Alaska News Nightly: July 3, 2008

The State Supreme Court gives clean water initiative a clean bill of health.  Also, we’ll pay a visit to a Navy spy ship. Plus, a preview of tomorrow’s Mount Marathon race in Seward. And a creepy, crawly taxidermy technique that’s winning converts in Kodiak . Those stories and more on tonight’s Alaska News Nightly, broadcast statewide on APRN stations.

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State Supreme Court gives thumbs up to the Clean Water Initiative
Dave Donaldson, APRN – Juneau
Voters will have the final word on an initiative that would set water standards for the mining industry in the state.  The State Supreme Court this morning rejected a challenge by the Pebble Limited Partnership and the Council of Alaska Producers to Ballot Measure Four – the Clean Water initiative.

Board of Game to use means testing for Tier 2 subsistence permits

Lori Townsend, APRN – Anchorage
A Superior court decision has cleared the way for the state Board of Game to use income as part of the criteria used for scoring tier 2 subsistence permits. The board will not use resident’s income this year because the court mandated that income consideration must make adjustments for cost of living in various communities–information they don’t currently have– but board members will consider the income guideline in the future.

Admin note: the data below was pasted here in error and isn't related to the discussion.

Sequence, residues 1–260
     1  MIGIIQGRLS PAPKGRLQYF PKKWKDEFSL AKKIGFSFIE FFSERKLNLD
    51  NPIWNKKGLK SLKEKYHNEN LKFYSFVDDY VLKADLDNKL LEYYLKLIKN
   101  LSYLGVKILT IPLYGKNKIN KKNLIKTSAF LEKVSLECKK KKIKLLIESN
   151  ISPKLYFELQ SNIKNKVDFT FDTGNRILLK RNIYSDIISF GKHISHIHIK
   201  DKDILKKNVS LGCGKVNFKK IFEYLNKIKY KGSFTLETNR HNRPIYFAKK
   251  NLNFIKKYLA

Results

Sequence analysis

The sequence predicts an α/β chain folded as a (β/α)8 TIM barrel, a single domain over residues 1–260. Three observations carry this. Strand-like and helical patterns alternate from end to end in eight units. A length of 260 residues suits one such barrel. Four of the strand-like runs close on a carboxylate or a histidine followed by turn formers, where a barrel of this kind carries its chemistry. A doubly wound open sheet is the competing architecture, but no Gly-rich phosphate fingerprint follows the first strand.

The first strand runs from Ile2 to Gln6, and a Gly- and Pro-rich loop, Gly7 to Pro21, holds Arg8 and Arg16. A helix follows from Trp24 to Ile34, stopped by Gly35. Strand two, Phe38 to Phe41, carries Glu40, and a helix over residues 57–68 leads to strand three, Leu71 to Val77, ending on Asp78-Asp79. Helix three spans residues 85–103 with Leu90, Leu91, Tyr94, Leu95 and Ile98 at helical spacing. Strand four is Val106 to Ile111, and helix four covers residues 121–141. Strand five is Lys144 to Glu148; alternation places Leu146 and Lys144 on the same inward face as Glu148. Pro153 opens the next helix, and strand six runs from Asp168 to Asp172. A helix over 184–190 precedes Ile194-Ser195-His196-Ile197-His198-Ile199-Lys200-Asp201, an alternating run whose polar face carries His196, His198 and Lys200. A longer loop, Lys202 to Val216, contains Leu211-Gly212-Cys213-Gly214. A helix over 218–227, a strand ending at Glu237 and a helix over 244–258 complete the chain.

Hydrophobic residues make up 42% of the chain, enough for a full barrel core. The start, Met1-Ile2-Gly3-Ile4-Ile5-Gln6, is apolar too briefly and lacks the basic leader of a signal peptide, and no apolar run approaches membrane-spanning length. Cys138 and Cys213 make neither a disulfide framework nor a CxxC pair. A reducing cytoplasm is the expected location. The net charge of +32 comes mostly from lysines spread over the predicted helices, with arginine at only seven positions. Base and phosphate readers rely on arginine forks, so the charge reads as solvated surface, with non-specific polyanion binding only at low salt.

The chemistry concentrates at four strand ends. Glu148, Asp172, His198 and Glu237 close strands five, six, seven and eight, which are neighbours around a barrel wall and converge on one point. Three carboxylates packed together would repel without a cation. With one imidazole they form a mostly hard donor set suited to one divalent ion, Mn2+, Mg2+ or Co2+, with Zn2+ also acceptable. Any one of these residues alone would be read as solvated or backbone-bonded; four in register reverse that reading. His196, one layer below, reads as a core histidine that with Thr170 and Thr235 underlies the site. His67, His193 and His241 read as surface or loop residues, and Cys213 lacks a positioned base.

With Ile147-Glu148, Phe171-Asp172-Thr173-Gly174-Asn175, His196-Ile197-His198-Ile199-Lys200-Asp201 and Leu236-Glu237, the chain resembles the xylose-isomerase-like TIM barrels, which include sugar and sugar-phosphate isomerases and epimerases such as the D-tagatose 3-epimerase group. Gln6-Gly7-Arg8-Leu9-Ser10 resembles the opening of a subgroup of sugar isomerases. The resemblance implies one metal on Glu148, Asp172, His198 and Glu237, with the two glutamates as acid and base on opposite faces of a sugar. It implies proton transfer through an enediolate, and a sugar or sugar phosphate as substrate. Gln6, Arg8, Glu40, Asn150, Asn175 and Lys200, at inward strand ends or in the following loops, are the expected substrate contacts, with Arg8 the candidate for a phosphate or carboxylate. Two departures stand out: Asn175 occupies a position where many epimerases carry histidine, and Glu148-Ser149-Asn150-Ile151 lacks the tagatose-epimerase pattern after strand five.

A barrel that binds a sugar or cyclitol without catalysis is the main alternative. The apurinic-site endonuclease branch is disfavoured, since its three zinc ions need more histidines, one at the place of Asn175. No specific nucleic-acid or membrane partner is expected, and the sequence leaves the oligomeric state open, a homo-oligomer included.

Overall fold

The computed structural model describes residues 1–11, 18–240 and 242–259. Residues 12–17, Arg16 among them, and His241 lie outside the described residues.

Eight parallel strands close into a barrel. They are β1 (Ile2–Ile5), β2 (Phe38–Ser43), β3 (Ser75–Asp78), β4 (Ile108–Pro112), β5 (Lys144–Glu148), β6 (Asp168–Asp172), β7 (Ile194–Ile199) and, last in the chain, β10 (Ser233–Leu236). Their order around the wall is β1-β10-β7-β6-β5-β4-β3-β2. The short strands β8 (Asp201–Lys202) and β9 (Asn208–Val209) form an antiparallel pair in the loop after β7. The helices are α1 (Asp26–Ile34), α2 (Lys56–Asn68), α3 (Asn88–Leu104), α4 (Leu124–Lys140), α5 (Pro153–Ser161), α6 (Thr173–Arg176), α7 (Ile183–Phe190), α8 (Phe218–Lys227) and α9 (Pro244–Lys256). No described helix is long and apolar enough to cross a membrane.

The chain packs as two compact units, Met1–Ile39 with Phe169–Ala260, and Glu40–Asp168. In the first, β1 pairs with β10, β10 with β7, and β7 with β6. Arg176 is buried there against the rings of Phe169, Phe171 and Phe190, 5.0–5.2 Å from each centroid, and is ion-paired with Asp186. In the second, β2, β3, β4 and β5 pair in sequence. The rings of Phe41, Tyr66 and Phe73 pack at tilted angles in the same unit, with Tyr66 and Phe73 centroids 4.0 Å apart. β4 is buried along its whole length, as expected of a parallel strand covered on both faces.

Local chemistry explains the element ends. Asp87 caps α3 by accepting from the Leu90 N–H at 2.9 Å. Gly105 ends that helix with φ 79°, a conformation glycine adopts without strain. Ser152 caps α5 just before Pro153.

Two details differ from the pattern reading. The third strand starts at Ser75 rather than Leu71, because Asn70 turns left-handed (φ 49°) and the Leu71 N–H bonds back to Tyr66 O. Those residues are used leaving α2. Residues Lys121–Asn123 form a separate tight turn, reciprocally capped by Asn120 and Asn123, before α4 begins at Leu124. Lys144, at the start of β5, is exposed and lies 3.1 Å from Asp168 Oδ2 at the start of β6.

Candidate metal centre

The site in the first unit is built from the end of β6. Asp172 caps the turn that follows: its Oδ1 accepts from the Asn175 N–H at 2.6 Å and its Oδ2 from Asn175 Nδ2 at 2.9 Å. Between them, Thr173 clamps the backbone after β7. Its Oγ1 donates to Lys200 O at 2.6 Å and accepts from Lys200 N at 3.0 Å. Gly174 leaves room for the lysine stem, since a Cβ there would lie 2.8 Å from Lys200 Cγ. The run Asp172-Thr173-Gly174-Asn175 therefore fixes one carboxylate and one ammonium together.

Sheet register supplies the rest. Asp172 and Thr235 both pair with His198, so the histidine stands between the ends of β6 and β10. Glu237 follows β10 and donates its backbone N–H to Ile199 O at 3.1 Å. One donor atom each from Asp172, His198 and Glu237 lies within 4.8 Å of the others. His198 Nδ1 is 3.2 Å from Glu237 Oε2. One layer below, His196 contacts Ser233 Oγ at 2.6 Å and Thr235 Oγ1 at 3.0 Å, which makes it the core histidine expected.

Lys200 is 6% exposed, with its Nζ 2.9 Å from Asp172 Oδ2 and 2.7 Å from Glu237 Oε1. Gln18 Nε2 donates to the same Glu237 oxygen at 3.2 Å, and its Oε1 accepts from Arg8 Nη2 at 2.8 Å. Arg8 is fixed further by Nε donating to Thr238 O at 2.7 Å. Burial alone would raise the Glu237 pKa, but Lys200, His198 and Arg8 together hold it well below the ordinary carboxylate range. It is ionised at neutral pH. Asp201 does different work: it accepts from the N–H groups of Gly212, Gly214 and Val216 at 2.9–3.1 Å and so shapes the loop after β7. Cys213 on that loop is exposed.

Poking around a Navy spy ship
John Ryan, KTOO – Juneau
Juneau residents got a chance this week to board a Navy spy ship. The Ocean Survey Vessel “Bold” is parked at the Coast Guard dock in downtown Juneau.

Creepy-crawly workers tops in their field
Mary Donaldson, KMXT – Kodiak
A business in Kodiak uses a unique method to prepare hunters’ big game trophies. The company, which has 50-thousand workers, would be the island’s largest employer by far, if the owner actually paid them.

US House voted to continue cold-weather training for Alaska Coast Guard

Robert Woolsey, KCAW – Sitka
Alaska-based Coast Guardsmen will continue to receive cold-weather survival training under a bill passed this spring by the US House of Representatives. The bill still must pass the senate.

What it takes to conquer Mount Marathon

Lori Townsend, APRN – Anchorage
Alaska’s top trail runners are gearing up for one of the toughest challenges of the season: the Mount Marathon race in Seward. The course climbs- and then descends- an impossibly steep 3,000″ in just over three miles. But the extreme nature of the event hasn’t hurt participation – runners pay as much as one thousand dollars to compete.

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